Monday, July 25, 2016

India-Occupied Kashmir Uprising; Azad Kashmir Polls; RNC Convention; Qandeel Baloch

Why are Kashmir’s young men and women in Indian-Occupied Kashmir (IOK) leading a massive uprising against Indian occupation of their land? Is Pakistan inciting them? Can this new generation of tech-savvy freedom-fighters be suppressed by 700,000 Indian soldiers deployed in IOK making it the world’s most heavily militarized occupation? Will Modi’s India finally listen to the voices of reason from within India to deal with the alienation of Kashmiri youths? Is it time to revive the Musharraf Formula that brought India and Pakistan very close to a deal in 2007?

Why did the ruling AJK PPP get wiped out in Azad Kashmir elections? And why did Imran Khan’s PTI fail to get much traction? How did Nawaz Sharif’s PMLN manage to sweep the polls there?

How did the Republican National Convention go in Cleveland Ohio? Did the RNC achieve its goals of uniting the party and reaching out to independents and Democrats? Did Donald Trump’s  "Messianic" convention speech help or hurt him?

Could Qandeel Baloch, also known as Pakistan’s Kim Kardashian, even be imagined in conservative Pakistan just a few years ago? Doesn’t the fact that she existed is in itself a sign of a social revolution sweeping Pakistan today? How will Pakistan protect its young women who are leading this social revolution?

Viewpoint From Overseas host Faraz Darvesh discuses these questions with panelists Ali H. Cemendtaur and Riaz Haq (

Related Links:

Haq's Musings

The Trump Phenomenon

Qandeel Baloch Leading Social Revolution

Kashmir in Context

Talk4Pak Think Tank

VPOS Youtube Channel

VPOS Vimeo Channel


Nasir said...

Hardly any Muslim Majority country besides Pakistan has condemned India. At the UN no one is interested in Pakistani narrative on Kashmir. Wani is a terrorist on the UN list of terrorists. The position of US is Pakistan is not taking care of the terror problem it has and is duplicitous while it wants to control and have J&K which it will never have.

Riaz Haq said...

Nasir: "Hardly any Muslim Majority country besides Pakistan has condemned India. At the UN no one is interested in Pakistani narrative on Kashmir. Wani is a terrorist on the ..."

Nobody believes the Indian government narrative on Kashmir. Even Indian politicians and public are questioning it.

The Indian hold on Kashmir is becoming more and more tenuous as the new generation of Kashmiris refuses to accept Indian military occupation.

Riz Khan said...

Introspection and criticism within India is a sign of a mature democracy and a confident state much unlike Pakistan. While I was in Pakistan and still today no one dares to say anything critical about the Military-Mullah power structure.

Riaz Haq said...

Riz Khan: "While I was in Pakistan and still today no one dares to say anything critical about the Military-Mullah power structure."

You talk of a different India and Pakistan that I know today.

There's much more vibrant and vigorous debate in Pakistan than there is in India.

Just watch and compare Arban Goswami with Hamid Mir and you'll see the difference.

Except for The Hindu, the rest of major Indian newspapers are in Modi's pocket.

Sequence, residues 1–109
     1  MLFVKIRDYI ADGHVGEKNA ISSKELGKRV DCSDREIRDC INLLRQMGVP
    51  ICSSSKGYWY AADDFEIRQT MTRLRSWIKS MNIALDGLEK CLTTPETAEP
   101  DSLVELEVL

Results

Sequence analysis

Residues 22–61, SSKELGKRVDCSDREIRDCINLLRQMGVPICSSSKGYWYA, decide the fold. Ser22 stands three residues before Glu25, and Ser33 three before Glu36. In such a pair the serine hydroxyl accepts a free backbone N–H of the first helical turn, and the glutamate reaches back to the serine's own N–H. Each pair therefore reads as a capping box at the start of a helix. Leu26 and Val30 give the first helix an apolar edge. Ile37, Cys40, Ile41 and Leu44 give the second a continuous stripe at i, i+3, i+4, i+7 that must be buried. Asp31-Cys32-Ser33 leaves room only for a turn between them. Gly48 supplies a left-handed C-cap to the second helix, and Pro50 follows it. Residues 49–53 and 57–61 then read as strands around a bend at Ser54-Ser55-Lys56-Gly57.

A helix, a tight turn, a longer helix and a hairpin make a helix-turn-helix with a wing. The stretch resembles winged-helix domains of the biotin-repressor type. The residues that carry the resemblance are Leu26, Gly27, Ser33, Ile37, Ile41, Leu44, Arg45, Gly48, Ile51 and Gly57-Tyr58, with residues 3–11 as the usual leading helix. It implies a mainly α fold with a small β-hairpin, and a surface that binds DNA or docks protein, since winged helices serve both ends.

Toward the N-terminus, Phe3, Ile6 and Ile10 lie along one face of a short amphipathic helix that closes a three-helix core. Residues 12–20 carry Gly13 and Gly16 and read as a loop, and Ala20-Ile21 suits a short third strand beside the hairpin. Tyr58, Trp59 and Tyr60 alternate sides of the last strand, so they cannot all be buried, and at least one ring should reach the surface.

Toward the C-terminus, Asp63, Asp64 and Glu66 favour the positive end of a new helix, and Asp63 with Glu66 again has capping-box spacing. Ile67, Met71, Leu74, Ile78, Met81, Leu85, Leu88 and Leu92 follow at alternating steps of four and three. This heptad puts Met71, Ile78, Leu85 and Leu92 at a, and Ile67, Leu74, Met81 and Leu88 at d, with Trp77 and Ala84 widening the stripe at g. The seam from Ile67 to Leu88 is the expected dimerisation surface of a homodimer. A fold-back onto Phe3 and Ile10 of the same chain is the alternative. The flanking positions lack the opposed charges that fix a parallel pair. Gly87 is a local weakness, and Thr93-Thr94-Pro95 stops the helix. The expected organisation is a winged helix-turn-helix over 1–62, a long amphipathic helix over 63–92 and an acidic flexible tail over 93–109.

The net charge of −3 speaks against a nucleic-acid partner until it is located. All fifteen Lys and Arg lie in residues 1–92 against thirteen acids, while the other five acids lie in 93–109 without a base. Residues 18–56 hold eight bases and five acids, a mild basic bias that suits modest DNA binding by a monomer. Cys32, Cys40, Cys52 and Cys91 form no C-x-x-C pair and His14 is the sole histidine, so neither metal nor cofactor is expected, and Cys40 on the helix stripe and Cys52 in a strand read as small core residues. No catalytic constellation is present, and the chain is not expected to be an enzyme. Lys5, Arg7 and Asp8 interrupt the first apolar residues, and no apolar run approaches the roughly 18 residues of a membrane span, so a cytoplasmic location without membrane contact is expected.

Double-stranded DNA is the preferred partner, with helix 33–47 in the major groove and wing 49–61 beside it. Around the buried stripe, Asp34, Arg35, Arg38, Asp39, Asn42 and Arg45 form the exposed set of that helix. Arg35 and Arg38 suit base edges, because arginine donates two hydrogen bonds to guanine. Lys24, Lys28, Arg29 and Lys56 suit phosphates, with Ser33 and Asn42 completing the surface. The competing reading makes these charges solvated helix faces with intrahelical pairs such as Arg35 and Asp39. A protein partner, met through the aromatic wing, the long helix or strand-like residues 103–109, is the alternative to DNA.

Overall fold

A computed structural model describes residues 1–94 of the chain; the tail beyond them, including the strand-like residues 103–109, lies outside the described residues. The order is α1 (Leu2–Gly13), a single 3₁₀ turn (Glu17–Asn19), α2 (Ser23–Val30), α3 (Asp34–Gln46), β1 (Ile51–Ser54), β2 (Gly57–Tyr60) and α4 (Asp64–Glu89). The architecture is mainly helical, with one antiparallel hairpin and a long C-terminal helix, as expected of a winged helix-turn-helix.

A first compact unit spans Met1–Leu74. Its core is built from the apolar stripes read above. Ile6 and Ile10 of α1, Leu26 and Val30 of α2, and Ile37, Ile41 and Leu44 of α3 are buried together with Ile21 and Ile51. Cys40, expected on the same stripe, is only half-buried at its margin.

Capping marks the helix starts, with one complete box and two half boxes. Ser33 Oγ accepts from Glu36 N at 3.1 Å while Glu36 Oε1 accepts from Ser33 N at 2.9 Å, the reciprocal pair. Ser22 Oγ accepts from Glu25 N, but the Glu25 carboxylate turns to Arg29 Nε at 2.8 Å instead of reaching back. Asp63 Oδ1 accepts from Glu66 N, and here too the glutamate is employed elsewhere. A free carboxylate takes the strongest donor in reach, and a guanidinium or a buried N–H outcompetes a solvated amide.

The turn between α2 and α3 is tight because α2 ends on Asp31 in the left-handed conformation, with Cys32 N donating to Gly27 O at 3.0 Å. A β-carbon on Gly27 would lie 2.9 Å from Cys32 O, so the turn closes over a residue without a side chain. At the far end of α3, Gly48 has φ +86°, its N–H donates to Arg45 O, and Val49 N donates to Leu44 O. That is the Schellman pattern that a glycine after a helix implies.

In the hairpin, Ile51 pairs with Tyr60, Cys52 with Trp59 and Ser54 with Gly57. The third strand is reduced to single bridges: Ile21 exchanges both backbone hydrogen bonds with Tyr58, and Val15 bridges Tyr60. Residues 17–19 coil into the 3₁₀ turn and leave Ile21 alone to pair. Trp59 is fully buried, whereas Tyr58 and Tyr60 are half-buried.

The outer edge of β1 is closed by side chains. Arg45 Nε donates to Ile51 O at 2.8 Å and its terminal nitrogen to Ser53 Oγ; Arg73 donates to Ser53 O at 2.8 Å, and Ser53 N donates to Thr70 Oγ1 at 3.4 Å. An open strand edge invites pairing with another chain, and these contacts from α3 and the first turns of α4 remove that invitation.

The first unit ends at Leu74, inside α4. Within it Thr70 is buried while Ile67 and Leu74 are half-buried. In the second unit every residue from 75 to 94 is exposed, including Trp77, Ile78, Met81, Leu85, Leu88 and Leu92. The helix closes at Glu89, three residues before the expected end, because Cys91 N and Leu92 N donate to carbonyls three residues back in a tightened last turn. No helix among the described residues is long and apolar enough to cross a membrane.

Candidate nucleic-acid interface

Read the following to see how Noam Chomsky and others compare Indian and Pakistani media:

Riaz Haq said...

How does the #Indian media toe the government line to define a terrorist? #Kashmir #BurhanWani … via @Kashmir Monitor

On July 10, India woke up to startling pictures of massive crowds at the funeral of Hizb-ul-Mujahideen commander Burhan Wani in Tral, Kashmir.
The disconnect between Kashmir and the rest of India was captured by the fact that even as Wani was a figure of mass adulation in the Valley, large sections of the Indian media had described him as a “terrorist” as it had reported on his killing by Indian security forces on July 8.
This included the Times of India, Times Now as well as NDTV – even as the Telegraph, Indian Express and Business Standard stuck to the plain vanilla “militant”.
How these respective organisations differentiated between a “terrorist” and a “militant” was unclear and undefined.
This might seem like hair splitting around semantics but it’s actually far deeper than that – even if this is a discussion that’s not been had in India.

“Terrorism” and “terrorist” are words laden with value judgment, used often by political players as a means of getting their own message and viewpoint across. In reality, there are few definitions of the word “terrorist” accepted across the board. Indeed, it is for this reason that a number of global publications have strict guidelines on how to use the term. In India, however, few press outlets seem to have rules about the T-word and much of its use in the country, it seems, is driven either by Arnab Goswami-esque jingoism and/or India’s highly troubled relationship with Kashmir.

There are few words in the English-language which have had as tumultuous a life as “terrorism”. In fact, the word didn’t even start its life in English but in French where the regime de la terreur was a label adopted by the new French state to establish order after the first uprisings of the French Revolution in 1789. The first avatar of the word “terrorism” was therefore almost completely different from its modern meaning.